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Ways To Proficiently Breed Clownfish

Submitted by: Bince Olear

1. Breeding Pair of Clownfish

So that you can breed this kind of fish, you will need a mated pair. The most effective way to do is to obtain a mated pair and the second way is to own two clownfish if they are still young. Young clownfish usually are males but once the dominant fish was confirmed, the dominant fish will be the female. You will be able to know it is the female because it is usually bigger than the male fish.

Once they start on breeding, they will certainly lay eggs every 12-18 days on a section of rock. Be sure to make weekly water changes for at least 10% of the overall volume of water. Trying to keep the water clean will make them almost certainly going to spawn. A good protein skimmer a very good idea to be able to decrease the regularity of changing the water. If the clownfish has tank mates, the tank should be peaceful. It s not advisable to put different species of clownfish together simply because they may possibly fight and stress out each other. Remember that anemone fish don’t lay eggs if they’re stressed. An anemone helps the clownfish feel much more comfortable in laying eggs but it’s not required. You can use rocks with plenty of hiding places so that the fish will feel more comfortable.

It s best to use timer for the lighting for your tank. A timer will get the fish in the schedule of sunlight and darkness. Feed the fish in a particular time everyday with a mixture of flakes and frozen food. Note that if ever the fish aren’t receiving proper vitamins and nutrients, they’re going to lay eggs that have a bad quality.

If the fish become acclimated and they are on the regular schedule, they are going to begin to act differently around spawning time. If the female has a thicker line in the middle of her body, the fish is pregnant. If you notice that the fish is constantly cleaning a spot on the rock with its mouth and fins, it means that the fish is cleaning the site for the eggs. The female will swim over the site for a few times until she lays the egg, then the male follows to fertilize it. The eggs are orange in color and about 3-4mm in length. The male fish will protect and guard the eggs, and also eat the damaged egg and unfertilized eggs.


2. Preparations for Clownfish

In the first day the eggs are colored orange. After a couple of days they’ll appear grey, and then finally grey with silver eyes. If the silver eyes already appeared, they’ll hatch the following night. Before the eggs hatch, you will need to prepare the following:

a. Hatchling Tank

You should raise the baby clownfish in separate aquarium to make sure they can get proper food without competition from other tank mates.

. Live Rotifers

Baby clownfish don t eat flakes and any frozen food. They simply eat live food like rotifers. You’ll need Nannochlopsis or Rotifer Diet since it is food for rotifers.

3. Hatch Night

Clownfish eggs will hatch about a week or maybe more depending on the water temperature. You should check the eggs every day and when you notice that the eggs has a silver color this means that they’ll hatch after the lights go out or during the night. You need to remove clownfish fry from the aquarium and put them in the tank you prepared and ensure that the two tanks have similar salinity and temperature before you move the eggs.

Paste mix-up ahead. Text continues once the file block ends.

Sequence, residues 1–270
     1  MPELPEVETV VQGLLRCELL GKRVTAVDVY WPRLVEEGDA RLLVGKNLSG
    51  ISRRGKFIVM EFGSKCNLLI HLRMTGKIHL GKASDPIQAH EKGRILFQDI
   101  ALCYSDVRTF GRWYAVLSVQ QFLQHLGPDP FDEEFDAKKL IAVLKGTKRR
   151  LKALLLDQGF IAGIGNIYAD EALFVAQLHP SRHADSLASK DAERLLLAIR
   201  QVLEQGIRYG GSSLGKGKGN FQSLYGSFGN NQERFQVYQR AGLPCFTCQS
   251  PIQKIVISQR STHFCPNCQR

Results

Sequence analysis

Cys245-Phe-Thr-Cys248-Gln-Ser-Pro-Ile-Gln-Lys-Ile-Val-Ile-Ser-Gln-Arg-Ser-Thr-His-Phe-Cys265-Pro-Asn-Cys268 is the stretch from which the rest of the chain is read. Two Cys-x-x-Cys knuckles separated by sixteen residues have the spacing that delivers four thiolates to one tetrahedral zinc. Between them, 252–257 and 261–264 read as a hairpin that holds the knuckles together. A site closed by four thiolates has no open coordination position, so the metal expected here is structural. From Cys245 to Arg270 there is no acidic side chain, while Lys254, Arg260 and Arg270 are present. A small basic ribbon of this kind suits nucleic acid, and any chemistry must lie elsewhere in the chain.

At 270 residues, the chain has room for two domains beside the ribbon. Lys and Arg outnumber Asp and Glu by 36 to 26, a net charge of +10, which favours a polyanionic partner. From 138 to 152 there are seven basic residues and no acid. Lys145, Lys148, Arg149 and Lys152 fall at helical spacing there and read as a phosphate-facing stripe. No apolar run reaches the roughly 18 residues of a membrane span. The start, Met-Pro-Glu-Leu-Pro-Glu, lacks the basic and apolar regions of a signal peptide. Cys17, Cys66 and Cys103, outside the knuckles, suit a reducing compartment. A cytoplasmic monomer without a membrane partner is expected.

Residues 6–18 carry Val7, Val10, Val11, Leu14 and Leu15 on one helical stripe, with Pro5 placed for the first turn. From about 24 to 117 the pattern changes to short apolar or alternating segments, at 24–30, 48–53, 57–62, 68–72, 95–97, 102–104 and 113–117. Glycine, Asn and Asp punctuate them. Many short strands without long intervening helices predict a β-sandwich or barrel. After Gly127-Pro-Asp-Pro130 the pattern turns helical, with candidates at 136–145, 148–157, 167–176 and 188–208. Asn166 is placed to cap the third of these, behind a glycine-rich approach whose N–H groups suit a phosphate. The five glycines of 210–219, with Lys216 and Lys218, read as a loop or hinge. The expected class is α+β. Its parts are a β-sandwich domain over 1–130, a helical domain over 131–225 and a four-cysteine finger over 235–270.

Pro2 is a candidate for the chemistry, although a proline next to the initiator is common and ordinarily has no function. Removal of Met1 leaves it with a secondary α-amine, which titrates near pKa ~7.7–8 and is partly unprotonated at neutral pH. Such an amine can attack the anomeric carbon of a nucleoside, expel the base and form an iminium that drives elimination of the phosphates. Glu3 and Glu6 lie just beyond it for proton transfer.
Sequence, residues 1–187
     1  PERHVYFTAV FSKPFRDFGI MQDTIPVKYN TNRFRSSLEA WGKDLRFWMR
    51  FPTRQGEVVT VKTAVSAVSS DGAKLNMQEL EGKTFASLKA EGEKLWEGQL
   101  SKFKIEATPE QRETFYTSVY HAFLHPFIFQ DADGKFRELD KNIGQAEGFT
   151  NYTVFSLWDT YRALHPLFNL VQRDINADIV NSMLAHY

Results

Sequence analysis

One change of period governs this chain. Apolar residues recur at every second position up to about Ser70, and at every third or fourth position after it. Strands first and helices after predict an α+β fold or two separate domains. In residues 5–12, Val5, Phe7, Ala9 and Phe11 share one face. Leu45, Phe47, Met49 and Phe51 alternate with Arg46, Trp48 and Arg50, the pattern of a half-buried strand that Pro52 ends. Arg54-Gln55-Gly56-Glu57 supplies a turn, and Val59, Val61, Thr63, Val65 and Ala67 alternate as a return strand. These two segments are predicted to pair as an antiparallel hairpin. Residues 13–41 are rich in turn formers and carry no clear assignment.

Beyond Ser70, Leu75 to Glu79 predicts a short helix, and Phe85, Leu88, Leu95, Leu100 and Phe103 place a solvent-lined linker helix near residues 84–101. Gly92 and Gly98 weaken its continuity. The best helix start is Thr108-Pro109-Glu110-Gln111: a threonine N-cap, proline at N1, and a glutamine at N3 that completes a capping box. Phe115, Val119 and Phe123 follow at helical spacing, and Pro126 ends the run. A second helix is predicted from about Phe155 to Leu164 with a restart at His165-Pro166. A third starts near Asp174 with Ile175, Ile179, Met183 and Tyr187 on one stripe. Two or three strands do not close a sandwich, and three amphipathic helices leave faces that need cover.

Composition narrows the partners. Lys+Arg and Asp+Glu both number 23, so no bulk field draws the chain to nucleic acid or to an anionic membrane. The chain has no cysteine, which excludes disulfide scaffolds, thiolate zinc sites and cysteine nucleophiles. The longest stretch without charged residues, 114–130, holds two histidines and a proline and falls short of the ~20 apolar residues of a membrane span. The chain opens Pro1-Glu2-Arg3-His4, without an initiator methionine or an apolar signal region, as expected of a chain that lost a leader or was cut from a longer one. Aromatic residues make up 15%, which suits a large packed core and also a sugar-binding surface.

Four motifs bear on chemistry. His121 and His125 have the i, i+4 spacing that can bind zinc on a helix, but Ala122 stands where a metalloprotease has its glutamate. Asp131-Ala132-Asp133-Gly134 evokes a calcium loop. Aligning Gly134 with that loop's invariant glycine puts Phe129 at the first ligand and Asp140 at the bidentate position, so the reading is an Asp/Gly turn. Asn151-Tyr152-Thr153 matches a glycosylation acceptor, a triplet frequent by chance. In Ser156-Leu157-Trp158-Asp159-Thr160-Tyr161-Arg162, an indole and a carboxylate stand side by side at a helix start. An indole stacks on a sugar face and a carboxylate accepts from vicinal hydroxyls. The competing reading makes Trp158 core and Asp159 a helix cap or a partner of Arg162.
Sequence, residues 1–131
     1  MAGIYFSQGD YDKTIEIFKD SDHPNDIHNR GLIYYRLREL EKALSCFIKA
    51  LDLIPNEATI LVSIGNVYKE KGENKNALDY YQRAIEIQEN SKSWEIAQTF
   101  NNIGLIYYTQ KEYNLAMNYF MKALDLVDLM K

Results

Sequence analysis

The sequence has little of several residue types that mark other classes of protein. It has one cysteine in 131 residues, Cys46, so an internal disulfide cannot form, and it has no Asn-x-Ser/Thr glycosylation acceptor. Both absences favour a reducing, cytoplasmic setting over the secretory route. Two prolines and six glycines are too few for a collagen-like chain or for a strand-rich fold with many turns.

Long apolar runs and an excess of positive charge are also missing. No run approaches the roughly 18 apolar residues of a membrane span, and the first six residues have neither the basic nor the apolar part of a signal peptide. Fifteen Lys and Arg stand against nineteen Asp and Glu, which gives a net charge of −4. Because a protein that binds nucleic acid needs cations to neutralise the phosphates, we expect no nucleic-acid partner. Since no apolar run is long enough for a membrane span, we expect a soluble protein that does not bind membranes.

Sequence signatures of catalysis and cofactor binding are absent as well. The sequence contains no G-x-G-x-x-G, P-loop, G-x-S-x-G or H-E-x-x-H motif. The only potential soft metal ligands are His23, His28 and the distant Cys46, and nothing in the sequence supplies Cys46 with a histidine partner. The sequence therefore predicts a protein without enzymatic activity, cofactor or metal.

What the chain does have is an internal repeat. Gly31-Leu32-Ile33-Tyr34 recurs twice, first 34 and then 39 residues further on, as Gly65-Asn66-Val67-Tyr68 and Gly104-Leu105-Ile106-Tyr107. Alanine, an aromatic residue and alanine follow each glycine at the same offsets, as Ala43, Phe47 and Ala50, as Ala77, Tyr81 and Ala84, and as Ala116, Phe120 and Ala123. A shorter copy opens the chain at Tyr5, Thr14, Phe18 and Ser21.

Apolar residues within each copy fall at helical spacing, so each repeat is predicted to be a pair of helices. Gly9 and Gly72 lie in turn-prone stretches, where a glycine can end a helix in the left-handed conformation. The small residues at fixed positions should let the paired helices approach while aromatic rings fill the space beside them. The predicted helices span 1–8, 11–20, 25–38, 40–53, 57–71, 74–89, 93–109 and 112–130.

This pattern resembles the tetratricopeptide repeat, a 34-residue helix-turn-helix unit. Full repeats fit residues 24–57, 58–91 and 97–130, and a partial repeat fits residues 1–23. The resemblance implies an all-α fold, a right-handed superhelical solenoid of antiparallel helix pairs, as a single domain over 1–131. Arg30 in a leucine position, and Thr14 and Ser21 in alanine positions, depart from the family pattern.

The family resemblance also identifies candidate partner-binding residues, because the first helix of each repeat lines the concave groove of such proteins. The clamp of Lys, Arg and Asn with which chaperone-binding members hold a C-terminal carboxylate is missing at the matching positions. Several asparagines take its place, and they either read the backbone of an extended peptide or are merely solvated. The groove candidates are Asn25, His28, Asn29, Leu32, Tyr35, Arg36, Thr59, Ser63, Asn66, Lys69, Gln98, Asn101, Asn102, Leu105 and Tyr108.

Switch off the filtration system and pump in the tank. There shouldn’t be water current or flow in the tank. When the lights are off, wait for about half hour and switch on your flashlight into the water. Don’t shine the light at the eggs mainly because it will delay the hatchling process. The clownfish will probably be attracted by the light and swim towards it then begin siphoning the clownfish fry into the bucket. Then place it in the container you prepared but make sure that the eggs won’t be exposed in the air.

Once the eggs are in breeding tank, place an air stone or airline tube towards the eggs to make sure that the eggs gets enough air to hatch properly.

4. Feeding and Care

Keeping your clownfish fry alive can be hard. Your fry tank must consistently be filled with rotifers for the baby fish to consume. You will notice if the baby fish is dying because they may have problems in swimming, you’ll see them spinning in the water column, and sometimes they’ll sink towards the bottom then suddenly will start swimming again. If you see this within your tank, your clownfish fry are starving to death. If your fish begins diving like it is dropped to the bottom and is also having a difficulty in swimming, they will usually die in 24hrs. Add rotifers as quickly as possible. You’ll able to see your fishes eating the rotifers by noticing them swimming then stop, curving their tails and darting forward. Continue to feed rotifers for about a week then try feeding them with live shrimps.

Newly hatch brine shrimps are good for your fry. When brine shrimp hatch they leave a brown egg shell. The shells will always be floating and the shrimps for the clownfish are usually in the bottom. For the first two days it is best to feed the fish with both shrimps and rotifers to ensure they are still acquiring as much vitamins as possible.

Once the clownfish fry are already eating brine shrimps, their bellies will appear orange. That is a good sign that they are getting more than enough food. Make sure that the clownfish fry don’t go without food for more than 12 hours. Make sure that you always have live foods available for your fish.

About the Author: Bince loves fish and nature. For more about breeding clownfish visit his site about nature aquarium at


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